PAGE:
Telling Oscar Grant III’s story was “a sacred thing,” Spyropoulos says. (Photography by Drew Reynolds)

Indie cred

The critical success of the drama Fruitvale Station gives an aspiring producer’s career a boost.

A year ago, the gritty indie film Fruitvale Station won drama awards from the Sundance Film Festival’s jury and audience—only the fourth film in 29 years to pick up both. In May it received a standing ovation at Cannes on its way to receiving an award at that festival.

Fruitvale Station tells the true story of how Oscar Grant III spent New Year’s Eve 2008, an otherwise normal day except that it ended with a bullet in his back. Unarmed, he was shot and killed by a police officer in the eponymous Oakland, California, train station in the early morning of January 1, 2009, in what was later ruled involuntary manslaughter—the officer claimed he meant to use his Taser on Grant.

Haroula Rose Spyropoulos, AB’02, MAT’02, was one of two associate producers on the project. Reviews noted the movie’s strong performances and deft handling of the incident’s racial dynamics. But the soulful English major is quick to point out that the cast and crew didn’t think about accolades during the shoot; they were losing sleep over dramatizing a conflict that went deeper than showing good guys and bad. “The thing that carried everyone through,” Spyropoulos says, “because you don’t have a ton of resources, you’re not spoiled, it’s not a big-budget Hollywood movie, was that you always knew you were doing something important and that mattered, and I swear to God that was such a light inside of everyone. It was like a sacred thing.”

Spyropoulos’s work on the movie included helping director Ryan Coogler and the production team in casting, securing financing, scouting locations, and giving feedback on the script and editing. She assisted in communicating with Grant’s friends and family, for instance securing releases, and pieced together the film’s soundtrack with recommendations from Coogler.

There’s still a bullet hole in the platform at Fruitvale Station, she says. Before the camera rolled on the climactic gunshot scene, Coogler had Michael B. Jordan, the actor who played Grant, lie on top of it to bring real-life emotion to the scene. “Those were nights where beforehand we would all get into a circle and hold hands and basically say a prayer,” Spyropoulos says. “It was pretty scary on some level to reenact something that has happened so recently.”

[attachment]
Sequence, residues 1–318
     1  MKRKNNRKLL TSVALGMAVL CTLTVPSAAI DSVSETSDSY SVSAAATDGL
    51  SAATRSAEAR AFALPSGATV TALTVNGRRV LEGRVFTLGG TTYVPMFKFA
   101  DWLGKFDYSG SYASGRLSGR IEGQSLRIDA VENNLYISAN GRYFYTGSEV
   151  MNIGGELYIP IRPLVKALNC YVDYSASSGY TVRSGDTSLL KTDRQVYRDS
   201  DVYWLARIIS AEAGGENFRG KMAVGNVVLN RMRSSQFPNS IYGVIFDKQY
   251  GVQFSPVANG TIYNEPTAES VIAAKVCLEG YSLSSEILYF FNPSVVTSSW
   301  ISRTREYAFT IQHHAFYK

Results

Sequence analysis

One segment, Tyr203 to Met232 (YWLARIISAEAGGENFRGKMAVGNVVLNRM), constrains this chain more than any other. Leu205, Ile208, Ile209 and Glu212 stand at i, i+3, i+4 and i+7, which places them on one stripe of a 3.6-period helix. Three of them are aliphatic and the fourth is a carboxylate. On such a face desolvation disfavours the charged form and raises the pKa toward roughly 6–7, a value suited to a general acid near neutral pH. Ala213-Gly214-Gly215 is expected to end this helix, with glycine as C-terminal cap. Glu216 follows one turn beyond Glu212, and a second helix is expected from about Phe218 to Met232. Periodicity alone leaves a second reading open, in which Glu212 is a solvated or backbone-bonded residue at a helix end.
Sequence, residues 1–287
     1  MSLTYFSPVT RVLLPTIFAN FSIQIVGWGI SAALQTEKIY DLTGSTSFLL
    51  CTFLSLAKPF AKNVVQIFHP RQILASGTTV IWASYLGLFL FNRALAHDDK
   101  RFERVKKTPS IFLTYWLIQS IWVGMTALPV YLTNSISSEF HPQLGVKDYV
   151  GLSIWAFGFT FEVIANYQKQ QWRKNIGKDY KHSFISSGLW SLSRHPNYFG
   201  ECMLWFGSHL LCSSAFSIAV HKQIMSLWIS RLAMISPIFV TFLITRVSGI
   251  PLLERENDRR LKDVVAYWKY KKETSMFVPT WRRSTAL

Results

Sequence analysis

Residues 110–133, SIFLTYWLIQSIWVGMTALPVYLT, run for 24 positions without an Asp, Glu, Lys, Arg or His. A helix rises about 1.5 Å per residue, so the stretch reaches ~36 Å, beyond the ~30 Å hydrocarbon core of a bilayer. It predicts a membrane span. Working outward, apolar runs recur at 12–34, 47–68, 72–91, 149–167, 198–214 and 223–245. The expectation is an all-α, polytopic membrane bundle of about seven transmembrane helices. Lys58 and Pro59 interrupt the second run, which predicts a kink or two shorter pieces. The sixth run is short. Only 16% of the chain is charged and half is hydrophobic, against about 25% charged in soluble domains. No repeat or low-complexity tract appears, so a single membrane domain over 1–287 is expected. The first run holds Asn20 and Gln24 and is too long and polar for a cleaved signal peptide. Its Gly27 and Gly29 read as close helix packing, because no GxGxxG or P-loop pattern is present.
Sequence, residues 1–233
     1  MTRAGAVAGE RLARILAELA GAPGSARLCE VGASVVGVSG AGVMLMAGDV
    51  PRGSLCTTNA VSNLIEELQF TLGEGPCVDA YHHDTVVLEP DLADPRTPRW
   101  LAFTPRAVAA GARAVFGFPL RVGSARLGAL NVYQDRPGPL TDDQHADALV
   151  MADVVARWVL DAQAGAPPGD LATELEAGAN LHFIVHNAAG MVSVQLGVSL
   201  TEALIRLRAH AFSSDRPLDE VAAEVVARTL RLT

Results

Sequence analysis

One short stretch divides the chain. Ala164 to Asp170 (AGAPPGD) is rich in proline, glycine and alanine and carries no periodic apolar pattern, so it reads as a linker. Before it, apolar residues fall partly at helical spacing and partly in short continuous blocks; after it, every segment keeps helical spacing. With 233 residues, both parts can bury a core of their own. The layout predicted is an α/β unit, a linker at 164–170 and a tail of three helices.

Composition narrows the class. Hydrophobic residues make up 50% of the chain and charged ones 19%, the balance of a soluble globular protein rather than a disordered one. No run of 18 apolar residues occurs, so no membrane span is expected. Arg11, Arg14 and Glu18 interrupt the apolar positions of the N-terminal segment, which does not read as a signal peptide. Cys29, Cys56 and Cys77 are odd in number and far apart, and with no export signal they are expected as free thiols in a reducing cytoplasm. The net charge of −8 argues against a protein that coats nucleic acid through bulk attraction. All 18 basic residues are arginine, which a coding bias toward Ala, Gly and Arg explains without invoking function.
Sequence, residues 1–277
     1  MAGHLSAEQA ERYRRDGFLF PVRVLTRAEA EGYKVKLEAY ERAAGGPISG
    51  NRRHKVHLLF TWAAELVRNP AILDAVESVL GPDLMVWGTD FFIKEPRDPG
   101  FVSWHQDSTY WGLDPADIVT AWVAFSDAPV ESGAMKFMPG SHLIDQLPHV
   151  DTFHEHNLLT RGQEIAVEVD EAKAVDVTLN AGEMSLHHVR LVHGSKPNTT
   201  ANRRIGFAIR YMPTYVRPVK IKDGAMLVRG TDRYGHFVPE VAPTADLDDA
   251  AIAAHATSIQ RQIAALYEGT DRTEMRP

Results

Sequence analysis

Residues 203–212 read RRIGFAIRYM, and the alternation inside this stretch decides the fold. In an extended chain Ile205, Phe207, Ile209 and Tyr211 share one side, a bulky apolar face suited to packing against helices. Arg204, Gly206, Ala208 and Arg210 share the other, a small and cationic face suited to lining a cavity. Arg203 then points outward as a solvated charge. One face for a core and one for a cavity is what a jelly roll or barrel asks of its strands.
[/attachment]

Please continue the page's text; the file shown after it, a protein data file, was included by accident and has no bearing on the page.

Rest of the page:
Spyropoulos says that Coogler and producers Forest Whitaker and Nina Yang Bongiovi didn’t want to give Grant’s story the ripped-from-the-headlines treatment that plays on stereotypes and sensationalism. “It was a nice opportunity to give someone’s life a kind of honor that was taken away,” she says. She thinks that Fruitvale’s intimacy is what made it connect with so many people: “The more personal and specific you get, the more universal you become.” The cast and crew were hopeful that Oscar nominations, announced in mid- January, would recognize the film, though Spyropoulos says she likely wouldn’t get a seat at the award show.

Spyropoulos is also a singer-songwriter, and shooting Fruitvale meant a long break from recording and performing. Now the Chicago native, who gives off a gypsy–June Carter vibe, is readying a new album. Her lonesome, jangly songs have aired on TV shows including How I Met Your Mother and American Horror Story.

Spyropoulos may never get back to another long tour, though. Fruitvale’s success is opening doors for her in the movie business. She’s again working with Coogler, her former film school classmate at the University of Southern California, this time as a cowriter and coproducer on an HBO pilot that will also draw from real Oakland lives. She can’t say much more about it, but she can talk about optioning a book by another artistic alumna, Bonnie Jo Campbell, AB’84.

Campbell, who loved Fruitvale Station, says the movie’s success convinced her agent that they should sign a deal with Spyropoulos, who came calling in January 2012 to inquire about an adaptation of Campbell’s novel Once Upon a River (W. W. Norton, 2012). “We just thought, let’s just wait a while and make sure,” Campbell says. “It was nothing against Haroula, she always seemed like the real deal. It’s such a big chance to work with somebody brand-new who doesn’t have experience. And then she was getting experience in the meanwhile, so it was perfect.” They signed the deal in October 2013, giving Spyropoulos first dibs on the rights to the novel and Campbell her first book option.

“A year goes by and everything’s changed because nobody knew this movie was going to be such a success,” Spyropoulos says of Fruitvale. It’s left her with lots of irons in the fire. “I don’t know what’s going to happen,” she says. ”You’ve just got to keep doing your thing and doing the stuff that you resonate with and that feels authentic.”